Today we’re all wearing multiple hats and there’s so much to do, including managing email overload.  It may seem at times that your inbox is out of control and has a life of its own.  Believe it or not, you can get a handle on it and manage it effectively.

An overloaded inbox is a form of electronic clutter.  One thing I always tell people is to not check email first thing in the morning.  It’s one of the worst things you can do when it comes to being productive.   Instead, check your email 1.5 to 2 hours after you start your day.  This gives you time to tackle one of your top priority tasks instead, which will have you off to a great start and on your way to a productive day.

There’s more to it than not checking your email as soon as you get to your computer—or your phone or tablet.  To add to my first email tip of not checking email first thing in the morning, have a plan when it comes to checking email.  For most of us checking email once a day isn’t productive.  It can leave too many things hanging.  In addition to checking email 1.5 to 2 hours into your day choose one to two other times during the day to check and reply to email, and turn off your email notifications so that you’re not distracted by it and if that doesn’t work, then close your email altogether.  Set reminders and stay on schedule.   This will ensure that you’re responding to requests in a timely manner, getting things done, and not getting caught up in email overload.

Additionally, take the steps to organize your email.  Create email sub folders within your email account to sort your emails by category. Label the sub folders with categories that will make it easy for you to distinguish.   For example, use different subjects, projects, client or coworker names for naming your email sub folders. This makes it easy to choose a category of email to check at a particular time.  Once those are set up put your flags and filters to use.  Flagging helps you recognize particular types of email faster.  For example, you can flag emails that you have read and are your priority to reply with one color so that they are visually separated for your preference the next time you open your email.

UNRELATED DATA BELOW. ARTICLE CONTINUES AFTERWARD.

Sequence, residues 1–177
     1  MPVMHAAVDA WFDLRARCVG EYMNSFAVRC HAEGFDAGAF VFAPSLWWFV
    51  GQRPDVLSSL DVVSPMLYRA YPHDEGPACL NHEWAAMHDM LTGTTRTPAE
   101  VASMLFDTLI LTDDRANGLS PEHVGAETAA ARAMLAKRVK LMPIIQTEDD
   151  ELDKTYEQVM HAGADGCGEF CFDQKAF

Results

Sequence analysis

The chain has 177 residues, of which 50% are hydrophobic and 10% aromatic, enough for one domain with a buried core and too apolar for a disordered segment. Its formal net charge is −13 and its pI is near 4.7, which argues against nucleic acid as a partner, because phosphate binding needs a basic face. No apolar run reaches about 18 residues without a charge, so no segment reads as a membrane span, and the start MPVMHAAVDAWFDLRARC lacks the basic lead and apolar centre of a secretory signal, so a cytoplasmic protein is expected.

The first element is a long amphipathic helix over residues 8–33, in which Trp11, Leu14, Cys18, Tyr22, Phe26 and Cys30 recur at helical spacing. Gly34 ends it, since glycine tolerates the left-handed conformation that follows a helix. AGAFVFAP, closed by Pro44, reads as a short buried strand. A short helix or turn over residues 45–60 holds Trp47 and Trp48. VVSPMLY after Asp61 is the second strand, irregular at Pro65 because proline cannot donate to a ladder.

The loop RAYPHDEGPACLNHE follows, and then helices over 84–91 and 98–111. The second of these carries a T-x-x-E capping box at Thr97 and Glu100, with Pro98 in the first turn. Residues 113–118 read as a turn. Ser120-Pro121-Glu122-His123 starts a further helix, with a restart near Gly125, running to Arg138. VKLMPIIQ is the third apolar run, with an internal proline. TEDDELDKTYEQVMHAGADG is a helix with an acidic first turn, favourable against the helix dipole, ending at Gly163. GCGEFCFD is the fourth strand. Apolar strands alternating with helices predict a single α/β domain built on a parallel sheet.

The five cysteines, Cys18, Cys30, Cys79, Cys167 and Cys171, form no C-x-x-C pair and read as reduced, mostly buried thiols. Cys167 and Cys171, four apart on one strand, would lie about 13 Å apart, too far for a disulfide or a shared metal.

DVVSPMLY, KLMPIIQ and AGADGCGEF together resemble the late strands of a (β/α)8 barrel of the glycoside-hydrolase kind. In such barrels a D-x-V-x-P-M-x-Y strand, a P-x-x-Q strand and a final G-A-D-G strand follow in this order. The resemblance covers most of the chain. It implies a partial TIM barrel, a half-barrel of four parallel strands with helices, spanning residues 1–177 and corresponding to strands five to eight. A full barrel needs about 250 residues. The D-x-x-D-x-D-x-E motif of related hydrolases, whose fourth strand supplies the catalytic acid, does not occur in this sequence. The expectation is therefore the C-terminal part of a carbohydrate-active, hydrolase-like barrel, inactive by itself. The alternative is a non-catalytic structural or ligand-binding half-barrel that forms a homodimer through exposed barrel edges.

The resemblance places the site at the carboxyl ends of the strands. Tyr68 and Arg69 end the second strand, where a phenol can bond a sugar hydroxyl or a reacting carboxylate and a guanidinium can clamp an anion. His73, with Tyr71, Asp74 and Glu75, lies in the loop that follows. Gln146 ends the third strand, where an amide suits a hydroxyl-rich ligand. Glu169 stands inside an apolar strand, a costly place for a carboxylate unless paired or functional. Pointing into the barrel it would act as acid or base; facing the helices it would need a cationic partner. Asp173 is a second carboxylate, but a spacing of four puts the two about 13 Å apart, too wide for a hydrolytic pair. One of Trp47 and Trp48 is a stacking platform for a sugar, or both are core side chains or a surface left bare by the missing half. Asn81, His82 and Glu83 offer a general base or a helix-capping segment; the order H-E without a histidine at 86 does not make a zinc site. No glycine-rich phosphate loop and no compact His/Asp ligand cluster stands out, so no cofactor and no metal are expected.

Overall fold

Use filters to help enhance the use of the sub folders that you set up.  Filters allow you to create “rules” for sending emails to designated folders when they come into your inbox.  This is a nice feature to use to help get email to the appropriate folder.  You might set up particular rules for any email with a particular phrase in the subject line to go to a certain folder.  Let’s say you have a marketing project you’re working on.  Ask that those sending related emails contain the name of the project in the subject line, and then set up the related filter rule so that those emails go into the designated folder.  You can do the same to filter email from particular people.  When it comes time to work on that project, you can go directly to that folder instead of searching through the email in your inbox to find all of the email related to that project.  When it comes to filters don’t forget to set something up to corral those ezines and all of the other things that hit your inbox as a result of the lists that you’re subscribed to.  They can fill up your inbox pretty quickly.

The final thing is that you want to get rid of all of the unwanted email that’s coming your way.  There will be people who add you to lists that you didn’t subscribe to, lists that you’ve outgrown or just don’t want information from any longer.  Do yourself a favor and scroll to the bottom of those emails and click the unsubscribe button and get off of those lists.  Make that last step and the others things that you do on a regular basis.  Purge your inbox on a regular basis, continue to create and also delete filters and folders that you need and keep yourself off of lists that aren’t relevant. When you need to save email content or attachments, don’t save them in your inbox.  Use these tools to help you avoid email overload.

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